Tech

6 Ways to Improve Your iPhone Photography

iPhone Photography
Written by Jimmy Rustling

Love it or hate it, the photography business is defined by smartphones. Nowadays we all have the opportunity to take stunning pictures with just a little bit of practice. But if you want to improve your iPhone photography and take it to the next level (without using Instagram!) these six tips will help.

Keep the Composition Simple

Steve Jobs used to say that “Simplicity is the ultimate sophistication.” When he first coined this phrase he probably didn’t even realize that the iPhone was going to become the most widely used camera on the planet. Most photographers over-complicate their photographs by trying to capture too many details, but this makes it difficult to capture a harmonious image. Unless you’re an expert in HDR (high dynamic range photography) – which you probably aren’t if you’re reading this article! – then keep it simple. Get the composition right for one part of the image, and don’t worry too much about the rest.

Embrace Empty Space

In photography, empty space is called “negative space.” And it’s nothing to be afraid of. In fact, empty space is a great way to make your subject stand out. Remember, in today’s digital world most people will view photos on Facebook and Instagram, through a tiny screen on their smartphone. Keeping your snaps minimalistic will retain detail, so your audience will enjoy them more.

Find an Interesting Angle

Most people will use a default chest height position when taking a photo; however, there are so many more creative options. Try to find more interesting perspectives – lower angles are often the best place to shoot from. Additionally, this will help you showcase interesting features in the foreground, such as blurred out flowers (a splash of color) or ripples in the water (some extra texture).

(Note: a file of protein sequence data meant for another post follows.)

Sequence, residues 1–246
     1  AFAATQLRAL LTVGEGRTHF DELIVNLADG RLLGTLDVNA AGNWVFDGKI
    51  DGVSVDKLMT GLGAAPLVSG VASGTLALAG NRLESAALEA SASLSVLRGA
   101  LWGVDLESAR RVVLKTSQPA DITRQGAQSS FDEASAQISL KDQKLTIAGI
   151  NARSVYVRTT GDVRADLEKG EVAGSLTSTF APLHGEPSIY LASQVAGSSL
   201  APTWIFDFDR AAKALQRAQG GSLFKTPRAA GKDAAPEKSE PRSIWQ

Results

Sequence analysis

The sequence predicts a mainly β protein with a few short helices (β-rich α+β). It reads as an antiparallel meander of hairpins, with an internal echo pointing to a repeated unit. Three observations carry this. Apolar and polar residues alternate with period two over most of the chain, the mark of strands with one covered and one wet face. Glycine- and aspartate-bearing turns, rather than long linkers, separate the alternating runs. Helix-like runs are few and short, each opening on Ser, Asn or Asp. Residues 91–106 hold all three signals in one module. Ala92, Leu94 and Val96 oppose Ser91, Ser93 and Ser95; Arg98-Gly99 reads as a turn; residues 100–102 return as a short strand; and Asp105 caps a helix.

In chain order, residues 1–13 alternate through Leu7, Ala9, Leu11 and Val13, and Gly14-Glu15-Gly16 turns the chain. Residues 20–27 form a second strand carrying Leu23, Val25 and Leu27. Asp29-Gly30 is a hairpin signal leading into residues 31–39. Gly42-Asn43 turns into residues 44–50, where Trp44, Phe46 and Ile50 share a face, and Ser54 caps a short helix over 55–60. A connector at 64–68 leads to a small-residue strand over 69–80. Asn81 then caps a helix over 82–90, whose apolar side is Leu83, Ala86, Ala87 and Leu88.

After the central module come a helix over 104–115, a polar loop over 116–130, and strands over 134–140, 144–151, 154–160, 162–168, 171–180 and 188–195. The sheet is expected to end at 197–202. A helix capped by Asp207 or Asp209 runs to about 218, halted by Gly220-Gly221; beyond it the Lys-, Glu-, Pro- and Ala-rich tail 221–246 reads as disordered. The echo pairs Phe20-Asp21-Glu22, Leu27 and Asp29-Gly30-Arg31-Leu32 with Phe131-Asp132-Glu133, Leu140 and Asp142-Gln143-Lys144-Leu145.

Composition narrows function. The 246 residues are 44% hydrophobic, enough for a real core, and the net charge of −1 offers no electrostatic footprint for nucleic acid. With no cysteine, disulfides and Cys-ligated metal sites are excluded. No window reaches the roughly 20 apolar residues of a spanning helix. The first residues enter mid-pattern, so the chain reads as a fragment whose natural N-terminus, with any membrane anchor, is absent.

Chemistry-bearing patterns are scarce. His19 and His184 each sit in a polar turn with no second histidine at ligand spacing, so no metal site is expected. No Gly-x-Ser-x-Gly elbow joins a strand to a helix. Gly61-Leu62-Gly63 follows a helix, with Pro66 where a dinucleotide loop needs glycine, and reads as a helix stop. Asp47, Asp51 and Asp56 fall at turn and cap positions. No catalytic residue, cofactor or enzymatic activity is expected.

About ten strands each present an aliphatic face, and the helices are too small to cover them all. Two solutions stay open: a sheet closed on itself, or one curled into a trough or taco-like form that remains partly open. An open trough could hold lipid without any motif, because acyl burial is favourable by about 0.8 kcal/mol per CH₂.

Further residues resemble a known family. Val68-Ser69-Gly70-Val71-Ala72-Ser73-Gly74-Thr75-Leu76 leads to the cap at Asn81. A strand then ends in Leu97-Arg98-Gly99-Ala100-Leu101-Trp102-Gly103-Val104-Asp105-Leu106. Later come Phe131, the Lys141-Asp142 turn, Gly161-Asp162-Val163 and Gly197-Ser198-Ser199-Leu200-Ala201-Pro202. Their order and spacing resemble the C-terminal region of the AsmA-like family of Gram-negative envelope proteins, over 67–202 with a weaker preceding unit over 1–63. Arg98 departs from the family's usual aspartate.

Focus on Creating Depth

This is especially important if you’re passionate about landscape photography. Use roads, pathways, rivers or anything that leads from the foreground into the distance. Another technique is to focus on objects that are close by, such as rocks and plants, but frame the picture around a larger scene. This creates a truly three dimensional image.

Use Natural Framing

Look to nature and architecture to frame your photographs. Try aligning these objects as if they’re around the subject. If anything is in shot at the same time it will only look whimsical, messy and unbalanced. By using natural framing you’ll emphasis the focal point and giving yourself an object to expose for.

Get Closer!

People don’t seem to understand what a close up is these days. If you’re going to do it, do it properly and get right in there! If you’re not close enough you’ll never be able to capture all the amazing details, range of colors, and textures. There’s a whole world beyond what the naked eye can see just waiting to be captured. If you want to shoot extreme close ups, get a macro lens attachment so you can focus properly.

Lastly, there’s no point even taking stunning images unless you are able to show them off in all their glory. Instead of simply taking pictures for social media, consider buying an iPhone photo printer. There’s something about the charm of a physical photograph that Instagram and Facebook can’t replicate.

About the author

Jimmy Rustling

Born at an early age, Jimmy Rustling has found solace and comfort knowing that his humble actions have made this multiverse a better place for every man, woman and child ever known to exist. Dr. Jimmy Rustling has won many awards for excellence in writing including fourteen Peabody awards and a handful of Pulitzer Prizes. When Jimmies are not being Rustled the kind Dr. enjoys being an amazing husband to his beautiful, soulmate; Anastasia, a Russian mail order bride of almost 2 months. Dr. Rustling also spends 12-15 hours each day teaching their adopted 8-year-old Syrian refugee daughter how to read and write.

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